Then I tend to moan and groan and make a big deal out of trivial matters, and so here I go again. Approximately one month ago we returned from a wedding in Ontario and discovered a carbon-fibre arrow laying in the backyard. I thought it was a rather unusual item to find since I have never seen any of our neighbours engaging in archery. Furthermore, the arrow was not embedded in anything – it was simply laying on the ground by our camper. It was then that I noticed one of the front windows of the camper had an impact mark and was fractured.
I may be jumping to a conclusion, but it seemed like the arrow was the object that had struck the window and caused it to break since the glass pane was not damaged before we left on holidays. Aside from the appearance of the arrow and a damaged window, everything else was as we had left it and so it remained until last Wednesday (July 30). On that day, I returned home at lunch and discovered that a guest had came calling. Judging from the state of Angela’s garden, he or she must have been hungry because carrots had been pulled out of the garden and some apples had disappeared off a tree. The scene was a little unusual since one of the carrots was left on our deck, another was left beside the row of carrots and an apple that birds had pecked at was found in the middle of the lawn. Our guest was neat and had not damaged any of the garden by tromping over plants. Furthermore, he or she had laid the carrot tops at the edge of the garden in a neat pile. A small zucchini was spotted in the back alley behind our fence. Now, I have two concerns about such action. Firstly, if a person is hungry or truly in need of food, I would help by providing more than some small carrots and unripened apples. Secondly, if our guest actually ate the apples a case of the ‘green apple trots’ may have struck the next day. It’s sad that a person has to lock the rear gate to their property in order to prevent acts of mischief from occurring. For people who read my column earlier in the year, the action that unfolded in Angela’s garden could not have been conducted by a rabbit, unless its paws had the dexterity of a human hand and it could leap up a tree, cling like a raccoon and pull off fruit like a monkey. Sadly I am left with only two courses of action: lock the rear gate or allow our vicious hedgehog to roam free in the backyard. For the uninformed, hedgehogs have very sharp teeth and killer quills. Furthermore, they move silently outside and can sneak up on a person unaware. A better solution is to let me know if you are in need and together we will work toward a solution. However, if you simply want your arrow returned, then you are out of luck.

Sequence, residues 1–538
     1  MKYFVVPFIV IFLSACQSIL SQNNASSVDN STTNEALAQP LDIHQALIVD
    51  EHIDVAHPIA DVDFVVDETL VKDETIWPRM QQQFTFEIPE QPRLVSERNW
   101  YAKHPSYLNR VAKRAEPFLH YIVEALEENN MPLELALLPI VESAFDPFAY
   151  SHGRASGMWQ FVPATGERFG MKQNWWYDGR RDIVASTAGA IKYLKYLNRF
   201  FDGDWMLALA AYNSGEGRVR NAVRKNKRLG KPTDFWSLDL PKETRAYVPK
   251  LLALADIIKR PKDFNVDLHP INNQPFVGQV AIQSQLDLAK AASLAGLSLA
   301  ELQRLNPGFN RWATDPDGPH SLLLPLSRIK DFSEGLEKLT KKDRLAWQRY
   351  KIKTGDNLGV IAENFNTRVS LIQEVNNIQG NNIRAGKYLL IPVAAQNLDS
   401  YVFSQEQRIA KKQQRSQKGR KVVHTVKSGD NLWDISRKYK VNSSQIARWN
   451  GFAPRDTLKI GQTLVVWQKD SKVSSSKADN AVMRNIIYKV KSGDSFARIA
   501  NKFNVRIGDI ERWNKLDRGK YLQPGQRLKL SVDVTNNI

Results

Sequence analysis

Wednesday was also the day a healing benefit was held for William Francis-Schimpf, a young child who is undergoing treatment for leukemia. It was great to be part of the event for several reasons. It was a treat to see residents respond and help a person in need, but to be honest, there were not as many people at the event as I expected as I had envisioned the Armoury packed wall-to-wall with people. The event was organized by Lori Davis and featured Joe Braniff as master of ceremonies. Harvey Peters provided his auctioneer services and residents responded by purchasing products donated by individuals, families and businesses. The list of volunteers involved is simply too long to list in this short space. Entertainment was provided by Sheldon Frank’s music students and George Leach, a Juno-award winning artist. By the time Leach performed, the crowd was thinning and many people missed his incredible guitar playing and blues-style songs that earned him top honours on the Canadian music scene. It was a treat to watch and listen to such a talented performer in my own town. It was also a treat to hear the account of how an Aboriginal family received the name of Francis. William’s great uncle Harry Francis provided the history lesson during a heartfelt message of thanks to local residents whom he thanked for pulling together in such times of need. He explained that his grandfather, Frank, originally had a Cree name that did not have an English equivalent. Therefore, a travelling priest gave him his name to use after he was baptized in the late 1800s. Many decades later, a search of Catholic Diocese records revealed there actually was a Father Frank Francis who was based in Lethbridge. He had baptized many people in his years of mission work including a young boy who was named Frank Francis. What struck me about the whole evening was the sense of family that prevailed as people left the venue.
Williams’ grandparents, Dwayne and Louise, personally thanked as many people as they could as they left the building. They embraced and hugged close friends and family members, and it left me feeling like I should be standing in the family lineup. After all, it’s a great feeling to belong to a family of caring people, even if you are not related.